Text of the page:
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Egypt Plants New Wheat Strains To Fight Fungus

February 27, 2010

Two articles on a growing problem with wheat production in the Middle East.  The second article is very detailed on this issue:  it’s migration and methods of approach to mitigate the problem.

Egypt Plants New Wheat Strains To Fight Fungus.  

CAIRO – Egypt, the world’s top wheat importer, is introducing new wheat varieties resistant to a mutant form of stem rust, an airborne fungus with the ability to annihilate entire crops.

“We have already started using these seeds and 40 tonnes are now being planted in the Nile Delta,” Ayman Abouhadid, president of the country’s Agricultural Research Center, told Reuters in an interview.

The fungus, which has plagued wheat since biblical times, was largely controlled in the 1950s when scientists passed out seeds with a gene to block the disease.

But a destructive new strain reappeared in Uganda in the late 1990s, once more posing a potentially serious threat to 80 percent of the world’s wheat supplies.

Full Article at: http://planetark.org/enviro-news/item/56126

 

Red Menace: Stop the Ug99 Fungus Before Its Spores Bring Starvation

<snip>

To the women at the tap, faces scrunched in puzzlement, the call-and-response sounds like gibberish — and to most of the world, it is. But to the jumpsuited strangers in East Africa — a group of elite plant pathologists — these codenames and numbers are a lingua franca, describing just how badly a crop has been ravaged by disease. These specialists have come to Njoro on this autumn afternoon to study a scourge that is destroying acres of Kenyan fields. The enemy is Ug99, a fungus that causes stem rust, a calamitous disease of wheat. Its spores alight on a wheat leaf, then work their way into the flesh of the plant and hijack its metabolism, siphoning off nutrients that would otherwise fatten the grains. The pathogen makes its presence known to humans through crimson pustules on the plant’s stems and leaves. When those pustules burst, millions of spores flare out in search of fresh hosts. The ravaged plant then withers and dies, its grains shriveled into useless pebbles…..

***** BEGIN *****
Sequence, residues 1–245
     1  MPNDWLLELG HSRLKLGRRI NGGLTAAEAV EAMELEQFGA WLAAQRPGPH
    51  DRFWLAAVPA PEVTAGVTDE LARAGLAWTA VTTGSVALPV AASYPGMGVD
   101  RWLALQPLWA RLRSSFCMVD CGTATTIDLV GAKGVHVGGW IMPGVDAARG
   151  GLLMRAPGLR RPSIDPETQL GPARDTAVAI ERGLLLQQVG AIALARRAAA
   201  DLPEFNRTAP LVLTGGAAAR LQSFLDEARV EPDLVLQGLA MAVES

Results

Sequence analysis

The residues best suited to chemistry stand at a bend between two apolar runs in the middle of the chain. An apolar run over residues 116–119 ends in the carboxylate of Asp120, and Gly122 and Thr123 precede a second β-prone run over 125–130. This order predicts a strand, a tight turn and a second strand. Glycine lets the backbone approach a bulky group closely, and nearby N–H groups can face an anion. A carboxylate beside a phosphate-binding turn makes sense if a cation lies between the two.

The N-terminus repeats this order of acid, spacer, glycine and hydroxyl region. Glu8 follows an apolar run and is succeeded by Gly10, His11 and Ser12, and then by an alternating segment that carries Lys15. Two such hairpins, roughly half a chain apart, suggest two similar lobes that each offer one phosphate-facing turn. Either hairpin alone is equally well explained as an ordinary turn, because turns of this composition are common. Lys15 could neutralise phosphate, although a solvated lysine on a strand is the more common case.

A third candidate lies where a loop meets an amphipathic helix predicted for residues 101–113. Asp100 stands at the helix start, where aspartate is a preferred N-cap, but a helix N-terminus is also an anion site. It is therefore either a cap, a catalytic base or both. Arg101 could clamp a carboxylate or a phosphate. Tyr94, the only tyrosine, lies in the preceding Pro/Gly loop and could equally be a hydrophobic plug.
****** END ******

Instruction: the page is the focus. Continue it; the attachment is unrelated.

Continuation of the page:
Stem rust is the polio of agriculture, a plague that was brought under control nearly half a century ago as part of the celebrated Green Revolution. After years of trial and error, scientists managed to breed wheat that contained genes capable of repelling the assaults of Puccinia graminis, the formal name of the fungus.

But now it’s clear: The triumph didn’t last. While languishing in the Ugandan highlands, a small population of P. graminis evolved the means to overcome mankind’s most ingenious genetic defenses. This distinct new race of P. graminis, dubbed Ug99 after its country of origin (Uganda) and year of christening (1999), is storming east, working its way through Africa and the Middle East and threatening India and China. More than a billion lives are at stake. “It’s an absolute game-changer,” says Brian Steffenson, a cereal-disease expert at the University of Minnesota who travels to Njoro regularly to observe the enemy in the wild. “The pathogen takes out pretty much everything we have.”

Indeed, 90 percent of the world’s wheat has little or no protection against the Ug99 race of P. graminis. If nothing is done to slow the pathogen, famines could soon become the norm — from the Red Sea to the Mongolian steppe — as Ug99 annihilates a crop that provides a third of our calories. China and India, the world’s biggest wheat consumers, will once again face the threat of mass starvation, especially among their rural poor. The situation will be particularly grim in Pakistan and Afghanistan, two nations that rely heavily on wheat for sustenance and are in no position to bear added woe. Their fragile governments may not be able to survive the onslaught of Ug99 and its attendant turmoil……

Full Article at: http://www.wired.com/magazine/2010/02/ff_ug99_fungus

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